KENYA – Kenya has ushered in a new approval regime for mergers and acquisitions after the country enacted the Competition (General) rules 2019 which will ensure the process is faster despite feared to be costly.

The domestication of the new Common Market for Eastern and Southern Africa (COMESA) rules will eliminate double notifications.

Companies based in Kenya with at least two-thirds of their combined turnover or assets generated or located in the country will only need approval from the Competition Authority of Kenya (CAK) to merge.

Merger transactions that meet the Comesa notification threshold should make a filing only to the Comesa Competition Commission (CCC) and not the CAK.

The competition authority said the new regulations address dual notification to CAK and CCC, thus eliminating red tape and bureaucracy.

Companies with a minimum combined turnover or assets of US$10 million that want to merge must notify the authority, while those with assets of below US$5 million do not need approval.

The regulations stipulate that where at least two-thirds of the merging companies’ combined turnover or assets are generated or located outside Kenya, the companies will only require the CCC approval.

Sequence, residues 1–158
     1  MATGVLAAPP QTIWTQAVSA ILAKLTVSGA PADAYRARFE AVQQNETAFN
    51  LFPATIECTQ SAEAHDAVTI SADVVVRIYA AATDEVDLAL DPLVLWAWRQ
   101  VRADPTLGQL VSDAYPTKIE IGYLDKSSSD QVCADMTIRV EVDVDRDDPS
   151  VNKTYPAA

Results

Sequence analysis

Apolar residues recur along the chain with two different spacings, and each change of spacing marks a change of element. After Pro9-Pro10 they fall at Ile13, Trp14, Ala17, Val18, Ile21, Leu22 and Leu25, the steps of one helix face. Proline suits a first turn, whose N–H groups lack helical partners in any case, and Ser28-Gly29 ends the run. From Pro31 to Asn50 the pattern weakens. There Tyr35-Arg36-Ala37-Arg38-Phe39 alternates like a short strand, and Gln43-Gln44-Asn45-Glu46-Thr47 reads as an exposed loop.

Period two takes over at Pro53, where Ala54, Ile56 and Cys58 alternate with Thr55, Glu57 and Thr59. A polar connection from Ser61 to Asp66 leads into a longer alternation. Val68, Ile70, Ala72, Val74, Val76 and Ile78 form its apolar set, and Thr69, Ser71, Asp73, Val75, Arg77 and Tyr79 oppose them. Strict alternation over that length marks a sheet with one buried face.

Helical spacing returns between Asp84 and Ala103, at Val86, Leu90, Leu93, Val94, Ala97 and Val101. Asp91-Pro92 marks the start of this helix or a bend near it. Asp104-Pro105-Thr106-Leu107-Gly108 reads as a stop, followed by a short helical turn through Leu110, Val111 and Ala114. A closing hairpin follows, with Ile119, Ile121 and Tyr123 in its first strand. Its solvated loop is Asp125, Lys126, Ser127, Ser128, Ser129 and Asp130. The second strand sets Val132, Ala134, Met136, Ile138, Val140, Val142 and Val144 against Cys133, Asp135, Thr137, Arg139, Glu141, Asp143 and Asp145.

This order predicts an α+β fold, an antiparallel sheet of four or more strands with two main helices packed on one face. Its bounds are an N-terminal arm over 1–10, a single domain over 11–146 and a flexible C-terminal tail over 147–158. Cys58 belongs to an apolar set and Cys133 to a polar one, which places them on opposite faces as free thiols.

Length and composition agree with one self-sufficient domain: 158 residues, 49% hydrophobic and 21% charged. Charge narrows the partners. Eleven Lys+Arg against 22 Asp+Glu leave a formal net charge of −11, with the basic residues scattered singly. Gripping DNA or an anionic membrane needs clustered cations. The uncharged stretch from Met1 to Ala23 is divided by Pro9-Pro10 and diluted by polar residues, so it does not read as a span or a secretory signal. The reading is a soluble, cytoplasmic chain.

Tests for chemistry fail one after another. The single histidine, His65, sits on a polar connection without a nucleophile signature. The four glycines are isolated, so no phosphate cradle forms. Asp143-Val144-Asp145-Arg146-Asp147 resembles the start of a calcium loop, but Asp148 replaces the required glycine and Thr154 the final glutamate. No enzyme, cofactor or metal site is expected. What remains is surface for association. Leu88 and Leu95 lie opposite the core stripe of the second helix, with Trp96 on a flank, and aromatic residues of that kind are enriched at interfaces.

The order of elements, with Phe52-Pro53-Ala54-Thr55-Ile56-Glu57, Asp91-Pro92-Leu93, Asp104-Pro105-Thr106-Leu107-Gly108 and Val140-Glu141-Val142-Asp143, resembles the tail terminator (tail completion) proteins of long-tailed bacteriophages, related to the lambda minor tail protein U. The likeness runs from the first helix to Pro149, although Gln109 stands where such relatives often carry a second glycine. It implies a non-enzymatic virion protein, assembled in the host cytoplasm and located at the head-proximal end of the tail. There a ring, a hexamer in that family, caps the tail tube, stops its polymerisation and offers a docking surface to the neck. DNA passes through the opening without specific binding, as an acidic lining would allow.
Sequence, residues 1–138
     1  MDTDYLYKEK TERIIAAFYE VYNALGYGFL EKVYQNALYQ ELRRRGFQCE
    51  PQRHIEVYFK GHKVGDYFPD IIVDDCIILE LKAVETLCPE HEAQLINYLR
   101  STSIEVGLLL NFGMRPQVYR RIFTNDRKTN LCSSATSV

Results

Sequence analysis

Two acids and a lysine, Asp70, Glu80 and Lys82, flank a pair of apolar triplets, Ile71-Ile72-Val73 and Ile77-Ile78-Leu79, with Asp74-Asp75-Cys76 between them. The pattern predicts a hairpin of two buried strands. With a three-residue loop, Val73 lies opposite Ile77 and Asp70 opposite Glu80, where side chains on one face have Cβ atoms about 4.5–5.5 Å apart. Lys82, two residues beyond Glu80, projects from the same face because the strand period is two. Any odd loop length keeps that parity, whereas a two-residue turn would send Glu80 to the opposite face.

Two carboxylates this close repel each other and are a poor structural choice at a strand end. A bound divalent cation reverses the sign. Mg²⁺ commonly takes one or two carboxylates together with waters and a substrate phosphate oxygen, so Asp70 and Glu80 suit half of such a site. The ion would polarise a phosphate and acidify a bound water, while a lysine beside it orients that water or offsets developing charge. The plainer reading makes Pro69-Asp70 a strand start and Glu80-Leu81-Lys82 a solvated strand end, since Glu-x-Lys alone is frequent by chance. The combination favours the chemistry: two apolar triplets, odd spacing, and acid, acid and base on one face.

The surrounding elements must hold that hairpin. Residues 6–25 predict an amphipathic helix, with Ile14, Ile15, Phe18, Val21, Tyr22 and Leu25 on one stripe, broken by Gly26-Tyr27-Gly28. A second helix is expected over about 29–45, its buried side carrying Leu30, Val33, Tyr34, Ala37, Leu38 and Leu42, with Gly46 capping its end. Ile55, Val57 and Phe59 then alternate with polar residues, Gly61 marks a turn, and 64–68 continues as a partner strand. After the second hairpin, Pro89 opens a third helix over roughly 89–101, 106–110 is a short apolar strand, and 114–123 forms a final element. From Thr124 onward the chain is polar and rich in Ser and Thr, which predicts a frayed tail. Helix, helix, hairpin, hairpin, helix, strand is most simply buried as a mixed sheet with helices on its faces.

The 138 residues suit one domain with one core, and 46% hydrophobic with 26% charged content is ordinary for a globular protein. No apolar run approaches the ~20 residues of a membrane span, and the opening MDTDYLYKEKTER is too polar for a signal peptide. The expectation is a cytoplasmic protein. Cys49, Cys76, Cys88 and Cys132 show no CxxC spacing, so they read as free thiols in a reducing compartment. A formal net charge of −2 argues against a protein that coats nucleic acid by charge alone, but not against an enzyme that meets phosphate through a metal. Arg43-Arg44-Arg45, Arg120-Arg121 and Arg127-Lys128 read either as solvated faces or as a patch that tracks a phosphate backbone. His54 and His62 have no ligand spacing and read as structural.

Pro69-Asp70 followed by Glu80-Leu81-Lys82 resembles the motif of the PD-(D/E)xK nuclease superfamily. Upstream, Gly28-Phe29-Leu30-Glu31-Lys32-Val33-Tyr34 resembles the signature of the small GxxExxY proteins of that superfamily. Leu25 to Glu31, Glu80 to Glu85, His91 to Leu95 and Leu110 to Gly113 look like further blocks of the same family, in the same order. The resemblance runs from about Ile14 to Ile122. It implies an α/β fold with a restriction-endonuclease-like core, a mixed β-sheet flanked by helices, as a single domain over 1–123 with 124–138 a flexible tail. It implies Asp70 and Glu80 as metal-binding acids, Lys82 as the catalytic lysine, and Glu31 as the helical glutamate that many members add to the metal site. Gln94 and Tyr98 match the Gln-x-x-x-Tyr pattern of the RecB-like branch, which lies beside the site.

According to Kenyan Digest, under the previous rules companies pursuing mergers in Kenya were subjected to an expensive and rigorous approval process by both the CAK and CCC, often causing delays in transactions and leading to collapse.

In the new rules, Kenya has also doubled the merger filing fees to US$40,000 for companies with turnover and assets in excess of US$500 million, US$20,000 for companies with a turnover of between US$100 million and US$500 million, and US$10,000 for those with a turnover of between US$10 million and US$100 million. Those below US$10 million will not pay any fees.

Kenya adopted the regulations from Rule 4 of Comesa Rules on the Determination Merger Notification Thresholds and Method of Calculation adopted in 2019.

The new rules came into effect on December 6, 2019, and Kenya is the first of the 21 Comesa member states to domesticate them.

“This is good for business as it creates certainty with regard to the notifiability of mergers involving two or more member states and clearly may encourage more mergers and acquisitions (M&A) to be implemented due the elimination of over-regulation,” Willard Mwemba, Comesa Competition Commission head of M&A told The EastAfrican.

Last month, a proposed transaction between regional lender Equity Group Holding and Atlas Mara Ltd collapsed after the parties failed to sign detailed transaction agreements within the stipulated time, leading to the lapse of the binding term sheet.

CAK communications and external affairs manager Mugambi Mutegi said the rules are intended to raise investments in the country by exempting mergers that have a benign competition effect, like small and medium enterprises, from mandatory notification.

In the EAC, Uganda is the only country without a competition body.

Kenya has recently recorded high profile M&A deals — KCB Bank acquisition of National Bank, French company Rubis Plc acquisition of KenolKobil, impending Telkom and Airtel merger, and the NIC Bank and CBA Bank tie-up.